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The TMD (TMJ) Clinic 

 

We offer a specialised Temporomandibular Joint Disorder (TMD) clinic for those struggling with pain and dysfunction related to the temporomandibular joint (TMJ).

TMD  is a condition affecting the temporomandibular joint (TMJ), which connects the lower jaw (mandible) to the skull. The TMJ enables jaw movement, allowing for talking, chewing, and yawning. TMD can cause pain and dysfunction in the jaw joint and muscles that control jaw movement.

 

Symptoms may include:

  • Jaw pain or tenderness. 

  • Difficulty moving the jaw.

  • Clicking or popping sounds when opening or closing the mouth.

  • Sometimes, headaches or neck pain

The causes of Temporomandibular Disorder (TMD) are multifactorial and can involve a combination of muscle, joint, and psychological factors. Understanding these causes is essential for effective management and treatment.

 

 

 

 

 

 

 

 

 

 

Here are some of the primary factors that can contribute to the development of TMD:

Muscle Dysfunction

Problems with the muscles of mastication (the muscles that control jaw movement) can lead to TMD. This might include muscle tension, fatigue, or spasms, often resulting from habits such as clenching or grinding the teeth (bruxism), which can occur during sleep or in response to stress.

Joint Dysfunction

The temporomandibular joint (TMJ) itself can be affected by conditions such as arthritis, disc dislocation within the joint (disc displacement), or injury. These conditions can lead to altered movement patterns, pain, and inflammation in the joint.

Injury

Trauma to the jaw or TMJ, such as a heavy blow or whiplash, can directly damage the joint or the muscles and ligaments surrounding it, leading to TMD.

Dental Issues

Misalignment of the teeth or jaw (malocclusion), problems with dental work, or the loss of teeth without adequate replacement can affect how the jaw moves and functions, potentially leading to TMD.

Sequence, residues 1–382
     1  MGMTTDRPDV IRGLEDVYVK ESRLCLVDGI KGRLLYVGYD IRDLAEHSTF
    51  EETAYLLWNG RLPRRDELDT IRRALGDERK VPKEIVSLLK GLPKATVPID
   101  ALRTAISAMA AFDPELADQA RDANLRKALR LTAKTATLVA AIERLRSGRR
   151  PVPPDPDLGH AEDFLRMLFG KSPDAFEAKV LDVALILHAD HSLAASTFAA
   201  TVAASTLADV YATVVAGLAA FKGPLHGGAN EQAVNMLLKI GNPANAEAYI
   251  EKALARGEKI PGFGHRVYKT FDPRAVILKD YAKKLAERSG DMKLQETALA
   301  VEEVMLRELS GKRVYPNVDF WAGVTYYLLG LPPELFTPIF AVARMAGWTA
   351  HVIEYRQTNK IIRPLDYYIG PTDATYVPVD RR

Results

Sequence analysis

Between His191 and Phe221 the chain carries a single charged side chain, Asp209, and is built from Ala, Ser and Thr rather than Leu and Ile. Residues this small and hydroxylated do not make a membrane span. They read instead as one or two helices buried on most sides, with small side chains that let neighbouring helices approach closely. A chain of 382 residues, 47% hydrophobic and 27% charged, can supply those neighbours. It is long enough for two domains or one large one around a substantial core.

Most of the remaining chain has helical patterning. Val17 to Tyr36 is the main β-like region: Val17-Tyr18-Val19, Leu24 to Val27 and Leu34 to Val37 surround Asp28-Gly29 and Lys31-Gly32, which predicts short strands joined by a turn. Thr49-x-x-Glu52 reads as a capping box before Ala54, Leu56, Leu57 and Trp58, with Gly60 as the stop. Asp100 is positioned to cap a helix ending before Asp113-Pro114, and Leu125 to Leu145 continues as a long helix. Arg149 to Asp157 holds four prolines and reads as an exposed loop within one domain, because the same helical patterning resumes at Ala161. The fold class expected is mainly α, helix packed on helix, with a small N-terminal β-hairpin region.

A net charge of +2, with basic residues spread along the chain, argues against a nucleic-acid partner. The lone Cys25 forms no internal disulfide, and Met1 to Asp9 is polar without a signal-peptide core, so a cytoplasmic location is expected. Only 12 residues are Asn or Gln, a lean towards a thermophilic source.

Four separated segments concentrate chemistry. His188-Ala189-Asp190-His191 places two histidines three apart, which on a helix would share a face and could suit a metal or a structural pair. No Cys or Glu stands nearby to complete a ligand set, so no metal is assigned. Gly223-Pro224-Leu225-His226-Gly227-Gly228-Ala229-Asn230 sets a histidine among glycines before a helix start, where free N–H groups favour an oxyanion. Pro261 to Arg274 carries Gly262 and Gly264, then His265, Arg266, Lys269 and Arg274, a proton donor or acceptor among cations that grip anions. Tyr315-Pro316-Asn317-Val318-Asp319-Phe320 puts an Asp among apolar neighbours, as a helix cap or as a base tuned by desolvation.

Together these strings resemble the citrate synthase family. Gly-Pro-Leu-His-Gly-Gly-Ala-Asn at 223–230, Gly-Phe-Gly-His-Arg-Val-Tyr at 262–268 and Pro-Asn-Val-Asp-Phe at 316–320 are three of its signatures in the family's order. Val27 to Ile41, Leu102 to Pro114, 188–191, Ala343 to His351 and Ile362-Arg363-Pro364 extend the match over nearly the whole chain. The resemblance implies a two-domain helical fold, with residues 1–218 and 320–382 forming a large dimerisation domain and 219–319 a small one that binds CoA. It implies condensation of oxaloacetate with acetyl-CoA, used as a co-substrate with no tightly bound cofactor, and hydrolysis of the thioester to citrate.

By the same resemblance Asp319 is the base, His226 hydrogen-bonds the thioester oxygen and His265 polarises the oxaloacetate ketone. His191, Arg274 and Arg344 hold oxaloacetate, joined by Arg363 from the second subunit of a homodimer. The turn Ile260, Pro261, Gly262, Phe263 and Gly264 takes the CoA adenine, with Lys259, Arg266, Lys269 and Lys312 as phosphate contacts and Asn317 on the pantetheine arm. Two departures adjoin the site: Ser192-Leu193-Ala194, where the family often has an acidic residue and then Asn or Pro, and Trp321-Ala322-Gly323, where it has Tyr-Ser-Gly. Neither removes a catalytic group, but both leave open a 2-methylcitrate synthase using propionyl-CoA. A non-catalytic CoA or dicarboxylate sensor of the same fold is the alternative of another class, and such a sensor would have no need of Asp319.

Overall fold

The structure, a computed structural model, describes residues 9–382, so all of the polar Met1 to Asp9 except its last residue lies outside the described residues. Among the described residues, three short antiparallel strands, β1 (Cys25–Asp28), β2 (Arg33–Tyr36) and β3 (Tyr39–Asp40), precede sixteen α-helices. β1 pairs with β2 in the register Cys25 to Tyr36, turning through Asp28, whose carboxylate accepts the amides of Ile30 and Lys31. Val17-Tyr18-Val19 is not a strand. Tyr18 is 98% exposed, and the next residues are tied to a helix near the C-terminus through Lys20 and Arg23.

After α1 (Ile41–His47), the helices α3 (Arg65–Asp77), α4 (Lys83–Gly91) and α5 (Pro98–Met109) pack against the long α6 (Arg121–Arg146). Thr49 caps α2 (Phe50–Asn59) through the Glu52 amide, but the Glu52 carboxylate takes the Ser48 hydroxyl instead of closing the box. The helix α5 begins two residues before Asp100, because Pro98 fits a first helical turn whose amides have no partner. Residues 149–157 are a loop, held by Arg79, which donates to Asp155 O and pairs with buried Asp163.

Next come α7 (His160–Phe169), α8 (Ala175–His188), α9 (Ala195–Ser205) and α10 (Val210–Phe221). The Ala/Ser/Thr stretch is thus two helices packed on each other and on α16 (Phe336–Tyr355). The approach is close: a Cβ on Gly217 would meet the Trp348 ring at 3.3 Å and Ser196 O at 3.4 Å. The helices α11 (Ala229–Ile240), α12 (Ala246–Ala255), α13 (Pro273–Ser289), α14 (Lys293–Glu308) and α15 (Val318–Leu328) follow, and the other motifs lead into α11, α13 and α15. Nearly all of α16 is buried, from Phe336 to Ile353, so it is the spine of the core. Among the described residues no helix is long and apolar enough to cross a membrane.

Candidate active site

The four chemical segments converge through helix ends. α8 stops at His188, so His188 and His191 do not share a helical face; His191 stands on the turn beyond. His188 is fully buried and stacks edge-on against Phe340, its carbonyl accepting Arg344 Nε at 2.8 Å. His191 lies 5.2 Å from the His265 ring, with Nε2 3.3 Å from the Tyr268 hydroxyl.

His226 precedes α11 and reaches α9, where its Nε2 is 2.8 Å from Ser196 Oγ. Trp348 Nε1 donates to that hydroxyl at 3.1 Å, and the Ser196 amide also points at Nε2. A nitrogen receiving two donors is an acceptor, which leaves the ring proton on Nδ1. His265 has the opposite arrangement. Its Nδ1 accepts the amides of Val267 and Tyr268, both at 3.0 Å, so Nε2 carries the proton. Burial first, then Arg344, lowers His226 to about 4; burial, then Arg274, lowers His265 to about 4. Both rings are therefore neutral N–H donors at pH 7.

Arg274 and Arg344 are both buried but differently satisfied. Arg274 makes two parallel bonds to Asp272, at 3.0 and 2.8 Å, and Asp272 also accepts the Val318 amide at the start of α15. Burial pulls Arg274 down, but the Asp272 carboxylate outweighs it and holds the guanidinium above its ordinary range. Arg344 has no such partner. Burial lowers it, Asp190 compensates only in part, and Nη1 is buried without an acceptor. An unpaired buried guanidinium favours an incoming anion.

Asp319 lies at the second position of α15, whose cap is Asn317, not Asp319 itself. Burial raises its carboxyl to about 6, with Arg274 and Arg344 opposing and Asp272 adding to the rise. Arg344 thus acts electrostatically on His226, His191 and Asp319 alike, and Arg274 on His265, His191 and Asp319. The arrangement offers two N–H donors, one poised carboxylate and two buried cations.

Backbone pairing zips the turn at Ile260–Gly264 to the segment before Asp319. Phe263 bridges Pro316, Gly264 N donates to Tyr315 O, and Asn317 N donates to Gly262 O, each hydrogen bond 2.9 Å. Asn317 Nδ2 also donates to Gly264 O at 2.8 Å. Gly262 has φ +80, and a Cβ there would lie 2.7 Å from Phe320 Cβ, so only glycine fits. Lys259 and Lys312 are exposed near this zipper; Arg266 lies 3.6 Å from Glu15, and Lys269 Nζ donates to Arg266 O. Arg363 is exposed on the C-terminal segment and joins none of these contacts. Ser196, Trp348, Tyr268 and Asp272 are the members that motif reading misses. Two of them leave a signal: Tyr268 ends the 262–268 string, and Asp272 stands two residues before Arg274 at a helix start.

Connective Tissue Diseases

Certain systemic diseases that affect connective tissue, such as rheumatoid arthritis or fibromyalgia, can involve the TMJ and contribute to TMD symptoms.

Habitual Behaviours

Chronic gum chewing, nail-biting, or biting on foreign objects can put excessive pressure on the TMJ, leading to discomfort and dysfunction.

Stress

Psychological factors such as stress and anxiety can lead to unconscious habits like teeth clenching and grinding, which in turn can contribute to muscle tension and TMD.

Poor Posture

Poor posture, especially in the neck and upper back, can lead to imbalances in the muscle function around the jaw and neck, affecting the TMJ.

                                    

Understanding the underlying cause(s) of TMD in an individual patient is crucial for developing an effective treatment plan. This often requires a comprehensive evaluation by healthcare professionals, including physiotherapists, dentists, or specialists in orofacial pain, to address the specific needs and contributing factors in each case.

 

Physiotherapy plays a significant role in managing TMD, offering a non-invasive approach that can alleviate pain, improve jaw function, and address the underlying causes of the disorder.

The physiotherapeutic management of TMD may include a combination of manual therapy, exercises, and dry needling, among other interventions.

Manual Therapy

Manual therapy techniques involve hands-on manipulation and mobilisation of the jaw to increase mobility, reduce pain, and improve function. Techniques may include gentle stretching of the joint, mobilisation techniques to improve the movement of the jaw, and soft tissue therapy to reduce muscle tension.

 

Exercises

Specific exercises are prescribed to strengthen the muscles around the jaw and improve its function. These exercises can help stabilise the joint, increase mobility, and reduce pain. They might include range-of-motion exercises to increase jaw opening, strengthening exercises for muscles that support the jaw, and relaxation exercises to decrease muscle tension.

Dry Needling

Dry needling involves inserting fine needles into specific trigger points in the muscles around the jaw and neck. This technique can help in reducing muscle tension and pain. It is thought to work by changing the way pain is processed in the nervous system and by increasing blood flow to the area, which aids in healing.

Dry needling can be particularly effective for TMD patients who have significant muscle tightness or trigger points contributing to their symptoms.

In addition to these specific interventions, we will provide education on jaw function, advice on lifestyle modifications to reduce strain on the TMJ (such as diet changes to avoid hard foods), techniques for stress management, and guidance on proper posture to minimise neck and jaw strain.

The effectiveness of physiotherapy for TMD depends on a thorough assessment to tailor the treatment plan to the individual's specific needs. We work closely with our patients, possibly coordinating with other healthcare professionals, to address the multifactorial nature of TMD comprehensively.

Treatment with a physio for Jaw Pain

Get in Touch

Call 07 3532 8605 or Book Online 

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